There was an ache in her belly, a sickness trying to well-up. She squirmed, her arms snaking tighter around herself. "Vincent," she whined, uncomfortably. She groaned in protest, and suddenly felt sure that she would vomit. Instead, she only coughed; her throat so dry that the force of air was like knives.

"What is it?"

The tone of his voice seemed to glide on the air, soothing and terrifying all at once. He was close to her, she could feel his breath on her skin, and yet she still couldn't see his face. Everything was a blur and the features of his face would only blend together, then separate and melt away. "A hospital?" she asked, more like a plea.

"Tell me… does it follow you?" his voice glided.

Nothing made sense. She moaned and curled deeper, her arms unwrapping, her hands coming to her face and rubbing as vigorously as she could. When she pulled them away, her vision shifted, blurring and clearing, and back again. But, that moment of clarity was enough to take in the visage before her and faces of the familiar guards behind him. "No," she groaned, her head reeling and her body tucking deeper. "No, no, please…"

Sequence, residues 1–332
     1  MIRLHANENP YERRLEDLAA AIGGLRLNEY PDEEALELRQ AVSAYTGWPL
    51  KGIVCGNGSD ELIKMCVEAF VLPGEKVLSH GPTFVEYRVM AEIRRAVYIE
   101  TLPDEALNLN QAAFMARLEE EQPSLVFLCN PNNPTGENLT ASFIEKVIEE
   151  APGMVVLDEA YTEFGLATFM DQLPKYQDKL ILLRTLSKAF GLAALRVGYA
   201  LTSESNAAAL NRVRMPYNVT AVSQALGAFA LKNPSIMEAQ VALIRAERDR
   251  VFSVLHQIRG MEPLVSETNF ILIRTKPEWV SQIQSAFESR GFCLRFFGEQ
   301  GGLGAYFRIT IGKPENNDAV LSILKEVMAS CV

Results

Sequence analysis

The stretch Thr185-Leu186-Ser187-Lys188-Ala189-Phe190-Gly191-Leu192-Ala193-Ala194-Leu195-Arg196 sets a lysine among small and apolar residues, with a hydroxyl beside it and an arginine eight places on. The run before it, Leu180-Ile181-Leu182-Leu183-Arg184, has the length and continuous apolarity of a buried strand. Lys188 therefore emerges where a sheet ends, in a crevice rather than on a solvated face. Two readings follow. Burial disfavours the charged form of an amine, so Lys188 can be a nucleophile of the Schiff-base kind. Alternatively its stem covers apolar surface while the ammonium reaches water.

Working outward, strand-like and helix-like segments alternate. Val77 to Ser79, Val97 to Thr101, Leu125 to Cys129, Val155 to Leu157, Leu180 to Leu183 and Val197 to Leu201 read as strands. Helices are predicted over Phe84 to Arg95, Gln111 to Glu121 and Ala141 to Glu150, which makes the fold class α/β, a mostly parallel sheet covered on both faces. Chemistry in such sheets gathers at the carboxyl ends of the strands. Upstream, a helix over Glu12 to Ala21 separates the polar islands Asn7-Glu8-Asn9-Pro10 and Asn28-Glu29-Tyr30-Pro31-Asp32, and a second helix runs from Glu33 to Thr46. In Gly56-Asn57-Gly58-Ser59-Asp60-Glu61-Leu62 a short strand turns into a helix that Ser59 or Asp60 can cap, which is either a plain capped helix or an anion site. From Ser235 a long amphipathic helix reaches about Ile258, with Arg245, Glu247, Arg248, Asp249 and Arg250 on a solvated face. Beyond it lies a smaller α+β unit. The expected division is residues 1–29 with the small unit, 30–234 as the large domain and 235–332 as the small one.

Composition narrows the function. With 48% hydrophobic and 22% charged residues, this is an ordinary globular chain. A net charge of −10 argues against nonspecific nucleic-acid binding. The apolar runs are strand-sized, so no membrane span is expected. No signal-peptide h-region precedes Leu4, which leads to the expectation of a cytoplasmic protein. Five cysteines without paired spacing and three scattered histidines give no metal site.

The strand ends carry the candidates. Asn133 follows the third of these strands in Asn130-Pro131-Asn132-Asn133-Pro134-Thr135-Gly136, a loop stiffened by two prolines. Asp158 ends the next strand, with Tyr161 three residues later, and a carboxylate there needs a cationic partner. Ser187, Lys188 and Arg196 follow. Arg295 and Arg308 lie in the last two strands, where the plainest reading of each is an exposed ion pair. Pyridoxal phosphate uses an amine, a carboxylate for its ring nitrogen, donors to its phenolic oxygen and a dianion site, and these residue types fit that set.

"I can give her a stimulant," a reluctant voice emerged. "Just enough to make her a little more lucid."

"No, doctor. No more drugs," the voice glided.

"She'll go through a difficult detox for about 48 hours if we just leave her now."

"How long until we know if it's done any damage to the child?"

She curled deeper, holding her abdomen, as if she had any control over the protection of that precious little life anymore.

"A miscarriage should be seen within the next 48 hours as well, if that's the case. Any further damage won't be found until much farther into the fetal development, or birth."

"What is it…?" his voice was close again and she knew he was talking to her again. "What is it to have such power inside you?"